To threaten the nation with destruction as we have done, is to threaten its citizens with something worse than personal death. It threatens to obliterate their identity, purpose, meaning, and symbolic immortality. The survivors will suffer symbolic death, an anguished perishing of the human spirit. Historians will tell us that symbolic immortality is usually worth dying for. If preserving the esteem of the nation, thereby giving life meaning and purpose, and deflecting death anxiety are all worth dying for, then nuclear war may be worth it to the North Koreans. Seen this way, sanctions won’t work, and bullying not only won’t work, it stiffens the resolve of the bullied.
What about America’s group-esteem in this equation? What is our motive in this seemingly intractable struggle?
Consider for a moment the US Stand Your Ground Law. It was first passed in Florida in 2005 and was famously invoked to initially mitigate the shooing of Trayvon Martin by George Zimmerman in Florida in 2012 (a confrontation initiated by Zimmerman). Stand Your Ground is the law in 24 states; it removes the duty to retreat before using force in self-defense. It empowers someone to use deadly force if one feels threatened, even outside of one’s own home. 17 states have laws that are the opposite; they impose a “duty to retreat.” In those states the law forbids the use of deadly force in self-defense if one can safely avoid the risk of harm or death. In other words, instead of standing your ground you are required by law to avoid the risk of harm (e.g., run away) if threatened, and are only permitted to use force if flight is not an option. Other states have stand your ground type laws that pertain to self-defense in your home or office, or personal vehicle.
To many Americans, particularly men, standing your ground is heroic; running away is craven. It’s a question of pride. I suggest it’s a question of self-esteem. Standing your ground, either dying or taking a life in the attempt, is seen as preferable to the shame and loss of face in running away. In this butt-kicking, MMA loving, militaristic, macho man culture, not backing down is “the right stuff.”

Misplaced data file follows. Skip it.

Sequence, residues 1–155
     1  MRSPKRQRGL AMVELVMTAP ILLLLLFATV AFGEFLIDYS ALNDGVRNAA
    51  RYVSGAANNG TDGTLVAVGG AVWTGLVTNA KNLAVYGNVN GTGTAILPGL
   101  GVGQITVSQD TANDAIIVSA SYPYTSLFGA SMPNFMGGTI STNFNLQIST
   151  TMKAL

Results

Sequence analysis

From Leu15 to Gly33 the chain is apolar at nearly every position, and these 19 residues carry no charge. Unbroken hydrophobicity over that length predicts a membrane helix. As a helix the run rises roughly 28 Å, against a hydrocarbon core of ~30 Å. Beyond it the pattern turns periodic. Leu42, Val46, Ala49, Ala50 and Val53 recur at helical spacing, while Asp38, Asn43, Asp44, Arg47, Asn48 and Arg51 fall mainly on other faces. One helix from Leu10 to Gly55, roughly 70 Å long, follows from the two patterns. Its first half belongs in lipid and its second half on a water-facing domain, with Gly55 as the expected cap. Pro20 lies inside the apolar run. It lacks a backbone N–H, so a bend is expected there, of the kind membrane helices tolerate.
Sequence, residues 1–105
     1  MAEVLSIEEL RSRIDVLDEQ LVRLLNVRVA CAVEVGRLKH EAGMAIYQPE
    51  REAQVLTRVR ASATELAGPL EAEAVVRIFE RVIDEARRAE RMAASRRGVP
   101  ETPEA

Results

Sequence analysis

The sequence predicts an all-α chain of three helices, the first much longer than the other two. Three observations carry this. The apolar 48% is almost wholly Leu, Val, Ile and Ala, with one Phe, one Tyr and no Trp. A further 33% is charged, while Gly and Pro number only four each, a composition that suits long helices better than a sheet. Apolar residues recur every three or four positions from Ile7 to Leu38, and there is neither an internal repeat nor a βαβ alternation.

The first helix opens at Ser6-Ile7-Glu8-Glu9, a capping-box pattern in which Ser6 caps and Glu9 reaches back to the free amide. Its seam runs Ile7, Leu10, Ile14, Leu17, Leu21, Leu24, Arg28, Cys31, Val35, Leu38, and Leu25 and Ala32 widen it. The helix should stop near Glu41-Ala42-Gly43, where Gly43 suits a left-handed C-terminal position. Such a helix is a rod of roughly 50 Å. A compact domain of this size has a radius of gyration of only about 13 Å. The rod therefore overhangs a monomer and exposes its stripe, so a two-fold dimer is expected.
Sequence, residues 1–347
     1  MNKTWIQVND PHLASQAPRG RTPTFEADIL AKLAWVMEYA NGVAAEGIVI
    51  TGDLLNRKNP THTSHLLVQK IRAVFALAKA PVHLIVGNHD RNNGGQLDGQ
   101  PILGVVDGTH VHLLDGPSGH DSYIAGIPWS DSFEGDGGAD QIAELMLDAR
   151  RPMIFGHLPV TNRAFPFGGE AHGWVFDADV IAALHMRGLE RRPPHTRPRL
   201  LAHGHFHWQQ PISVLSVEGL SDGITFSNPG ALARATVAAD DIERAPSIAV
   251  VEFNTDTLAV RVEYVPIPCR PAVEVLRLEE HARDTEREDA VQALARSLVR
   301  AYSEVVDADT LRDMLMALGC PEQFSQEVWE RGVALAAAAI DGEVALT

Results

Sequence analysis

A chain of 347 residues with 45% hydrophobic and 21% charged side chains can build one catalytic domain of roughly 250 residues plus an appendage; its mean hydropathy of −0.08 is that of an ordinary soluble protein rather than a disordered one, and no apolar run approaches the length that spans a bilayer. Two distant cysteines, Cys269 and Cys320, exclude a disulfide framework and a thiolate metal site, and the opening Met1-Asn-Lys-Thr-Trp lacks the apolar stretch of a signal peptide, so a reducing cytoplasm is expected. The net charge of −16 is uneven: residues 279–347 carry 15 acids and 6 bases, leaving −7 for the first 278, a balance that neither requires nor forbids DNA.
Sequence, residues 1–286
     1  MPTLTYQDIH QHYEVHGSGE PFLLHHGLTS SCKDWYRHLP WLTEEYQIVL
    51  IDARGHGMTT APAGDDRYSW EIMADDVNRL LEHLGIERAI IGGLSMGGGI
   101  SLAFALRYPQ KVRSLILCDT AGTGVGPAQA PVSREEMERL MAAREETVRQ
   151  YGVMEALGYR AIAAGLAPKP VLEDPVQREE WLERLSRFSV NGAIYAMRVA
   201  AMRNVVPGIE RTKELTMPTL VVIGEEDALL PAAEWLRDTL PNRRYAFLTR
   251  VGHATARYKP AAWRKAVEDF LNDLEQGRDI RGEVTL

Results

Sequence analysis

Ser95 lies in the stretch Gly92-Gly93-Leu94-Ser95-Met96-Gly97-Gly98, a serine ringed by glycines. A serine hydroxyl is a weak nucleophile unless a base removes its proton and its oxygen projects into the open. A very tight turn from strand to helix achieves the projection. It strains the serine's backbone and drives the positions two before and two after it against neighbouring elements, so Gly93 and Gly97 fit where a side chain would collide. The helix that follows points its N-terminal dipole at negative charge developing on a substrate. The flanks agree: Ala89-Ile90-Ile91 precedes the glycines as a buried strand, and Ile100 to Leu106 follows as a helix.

Stand Your Ground has been at the heart of US-NK relations for 67 years on both sides. We have been eyeball to eyeball again and again. At the same time, and in an unfortunate parallel to the Trayvon Martin killing, the opponent in this case is also non-white. With our national belief in American superiority, genetically, culturally, economically, and in so many indefinable ways, how can we back down to our supposed inferiors?
A nuclear war with NK will result in the loss of millions of lives in North and South Korea and possibly Japan, the Philippines, and the US. If China and/or Russia, both on the NK border, are pulled into the fray, we may be talking about hundreds of millions of lives lost. The radioactive fallout could continue to threaten life for decades. The world economy will be crushed, particularly if an atomic bomb lands on Silicon Valley. Can any of this mass destruction be justified by Stand Your Ground? Is our group esteem worth the price?
Set aside the discussion of Donald Trump’s apparent personality disorder that makes a question of pride more vital to him than rational considerations of options and outcomes. Let’s ask ourselves: What’s wrong with negotiating a peace treaty with NK (something they initiated in 2016, but that fell apart on the nuclear weapons issue), only this time we accept NK as a nuclear power with the following conditions: that they re-sign the NPT, submit to UN inspections, agree to non-proliferation of weapons or materials to other nations or groups, and sign a non-aggression pact with all of the other nations.
Will that be a show of weakness on our part? If we appear weak, what will happen? Will every nation kick sand in our faces for ever after?
Or will we finally once and for all show the courage to recognize reality and risk a momentary loss of face to do the right thing for the world. Maybe that show of courage will provide even greater US group-esteem than swaggering machismo. Maybe it will usher in a much needed era of sanity and reality.
* * *
Stephen James is a member of The Writers Collective. He is the award winning author of American Stew: Hope in a Toxic Culture, is the president of Contemporary Heroism Initiative, Executive Director of the Humanist Society of Metropolitan New York, and is a member of the Ernest Becker Foundation and the New York Society for Ethical Culture. He is a producer of communications media in the New York area.